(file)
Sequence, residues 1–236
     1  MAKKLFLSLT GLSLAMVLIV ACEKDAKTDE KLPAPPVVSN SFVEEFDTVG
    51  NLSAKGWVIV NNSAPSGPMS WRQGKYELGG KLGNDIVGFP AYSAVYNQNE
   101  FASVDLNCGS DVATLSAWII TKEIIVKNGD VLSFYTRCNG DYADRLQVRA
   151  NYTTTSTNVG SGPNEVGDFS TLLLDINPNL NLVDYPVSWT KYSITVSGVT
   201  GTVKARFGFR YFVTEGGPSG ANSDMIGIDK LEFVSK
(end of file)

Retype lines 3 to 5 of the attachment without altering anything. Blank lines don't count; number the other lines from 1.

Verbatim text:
    51  NLSAKGWVIV NNSAPSGPMS WRQGKYELGG KLGNDIVGFP AYSAVYNQNE
   101  FASVDLNCGS DVATLSAWII TKEIIVKNGD VLSFYTRCNG DYADRLQVRA
   151  NYTTTSTNVG SGPNEVGDFS TLLLDINPNL NLVDYPVSWT KYSITVSGVT